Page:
Nov 282012
 

Godammit I knew something like this would happen. Here I sit on the Fritter all fat and happy, thinking about what I need to do next year to get this boat into sailing condition when this comes along…

That is a West Wight Potter. Made in California, this is what is known as a pocket cruiser. 19 feet long, 7 feet wide. It weighs about 1200 pounds and can easily be trailered. It has a drop down keel and only draws about a half foot with the keel up, 4 feet with it down. It comes from the factory with a 5.5 HP Nissan outboard, tiller steering, and a roller furling. One person can raise or lower the mast. But inside is what makes this little boat really cool.

It comes equipped with a single burner stove, porta potti, a small sink with faucet, fresh water tank, and cooler. It can sleep up to 4 people with a v berth forward and two aft quarter berths. There is a lot of boat packed into this small package.

This particular boat pulled into the canal across from me a few weeks ago. The gentleman who owns her is down from Minnesota and is living on the boat for the winter. He takes it out sailing once or twice a week and even sailed out to the Marquesas, a group of islands about 30 miles west of Key West…across open ocean.

He describes it like living in a closet, which got my attention. You know how much I like small living spaces. The headroom is only 5 feet high so no standing up straight inside, but in something that small, how much walking around would you expect to do?

The Potter is pricey. $25,000 new for the whole package. I went online and searched around and found one for sale in Islamorada for $8,000. Still well out of what I could afford but it’s fun to look.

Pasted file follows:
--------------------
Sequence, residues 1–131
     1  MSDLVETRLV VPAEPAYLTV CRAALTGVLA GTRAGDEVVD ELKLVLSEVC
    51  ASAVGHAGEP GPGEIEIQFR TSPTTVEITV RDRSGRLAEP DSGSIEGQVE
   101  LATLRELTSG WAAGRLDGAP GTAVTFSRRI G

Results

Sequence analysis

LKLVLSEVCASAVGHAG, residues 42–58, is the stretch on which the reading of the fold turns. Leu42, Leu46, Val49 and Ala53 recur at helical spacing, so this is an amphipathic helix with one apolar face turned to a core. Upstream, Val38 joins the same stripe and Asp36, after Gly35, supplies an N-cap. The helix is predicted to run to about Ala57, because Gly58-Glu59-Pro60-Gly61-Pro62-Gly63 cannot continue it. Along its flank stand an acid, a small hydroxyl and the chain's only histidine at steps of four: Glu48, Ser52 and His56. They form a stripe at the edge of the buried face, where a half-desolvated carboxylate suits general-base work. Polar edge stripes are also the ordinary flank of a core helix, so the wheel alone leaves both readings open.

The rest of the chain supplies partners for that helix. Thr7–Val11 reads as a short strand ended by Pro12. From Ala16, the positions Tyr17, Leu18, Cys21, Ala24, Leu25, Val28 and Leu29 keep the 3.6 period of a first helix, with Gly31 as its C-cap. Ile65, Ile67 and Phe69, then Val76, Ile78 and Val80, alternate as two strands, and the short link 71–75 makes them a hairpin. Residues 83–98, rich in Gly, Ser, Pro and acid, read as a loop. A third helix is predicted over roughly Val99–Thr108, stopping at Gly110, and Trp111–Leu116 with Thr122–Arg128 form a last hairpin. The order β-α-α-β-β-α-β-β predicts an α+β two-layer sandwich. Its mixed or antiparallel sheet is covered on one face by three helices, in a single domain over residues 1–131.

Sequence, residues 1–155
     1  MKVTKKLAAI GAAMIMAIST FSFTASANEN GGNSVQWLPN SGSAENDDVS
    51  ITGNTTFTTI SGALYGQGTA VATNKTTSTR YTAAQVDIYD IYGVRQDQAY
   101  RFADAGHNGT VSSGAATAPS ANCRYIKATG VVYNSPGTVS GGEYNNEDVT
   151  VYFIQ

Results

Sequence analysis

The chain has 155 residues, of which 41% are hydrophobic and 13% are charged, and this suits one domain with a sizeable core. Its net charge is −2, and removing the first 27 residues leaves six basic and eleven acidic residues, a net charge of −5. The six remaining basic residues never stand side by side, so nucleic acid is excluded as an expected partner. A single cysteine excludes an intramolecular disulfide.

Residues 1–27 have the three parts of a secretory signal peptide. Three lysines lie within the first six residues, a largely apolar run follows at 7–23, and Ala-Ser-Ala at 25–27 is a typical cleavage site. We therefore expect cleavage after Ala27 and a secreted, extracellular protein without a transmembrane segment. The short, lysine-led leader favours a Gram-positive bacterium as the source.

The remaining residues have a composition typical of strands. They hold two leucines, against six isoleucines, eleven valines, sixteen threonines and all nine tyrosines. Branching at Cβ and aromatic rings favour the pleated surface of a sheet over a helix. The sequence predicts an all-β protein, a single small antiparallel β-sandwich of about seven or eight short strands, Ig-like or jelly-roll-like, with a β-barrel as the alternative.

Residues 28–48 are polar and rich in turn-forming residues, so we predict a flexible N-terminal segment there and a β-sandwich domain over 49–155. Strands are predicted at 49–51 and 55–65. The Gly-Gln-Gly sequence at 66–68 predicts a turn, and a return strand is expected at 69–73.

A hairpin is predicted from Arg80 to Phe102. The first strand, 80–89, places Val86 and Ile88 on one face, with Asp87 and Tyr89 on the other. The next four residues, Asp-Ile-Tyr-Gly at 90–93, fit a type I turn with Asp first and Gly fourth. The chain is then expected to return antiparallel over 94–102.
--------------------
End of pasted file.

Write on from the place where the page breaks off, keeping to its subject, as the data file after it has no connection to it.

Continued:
I absolutely love this little boat. It looks about as simple and easy to sail and maintain as you could get and still be able to live on it. Sort of like a teardrop camper but a floating one. And it has me thinking now. Always a dangerous thing.

When I have been shopping for live aboards I always looked at 25’ as the minimum size that I thought I could live in. The head room, storage, etc. The catamaran dream is pretty much a dead issue at this point. I don’t see that happening unless something really unusually good happened money wise. Now, after looking at this Potter, I am rethinking my cunning plan. Perhaps smaller is better.

There are plenty of sailboats in the Potter size that could be adapted for living aboard. The famous Catalina 22, a very basic sailboat that most beginning sailors have used comes to mind. A bit heavier than the Potter, the Cat 22 is way more popular and there are many of them out there sailing around. A Cat 22 could also be had for a lot less money than a Potter. Hunter makes a couple of boats in that size range too. So why go smaller?

These little boats can still be adapted for living aboard, especially for somebody like me. I don’t have much in the way of possessions and even on the 26 I live on now, I have more storage than I need.

Smaller boats cost less to maintain.

That little Potter or any boat that size could run on a couple of batteries and a small solar charger easily, meaning no need for shore power.

The 5.5 motor, while still using gas, would cost very little to run or keep maintained.

If you are staying at a slip that charges by the foot, the rent will be less.

The shallow draft means you can head out into the back country and go where larger boats could not.

The rigging is simple and easy to replace or repair.

But, there are some downsides…

A small boat is not going to be fast. 3 to 5 knots would be the maximum you could probably get out of something this size.

It would be a fair weather boat. Winds over 15 knots would probably mean stay at the dock. Not a big deal as I am a fair weather sailor.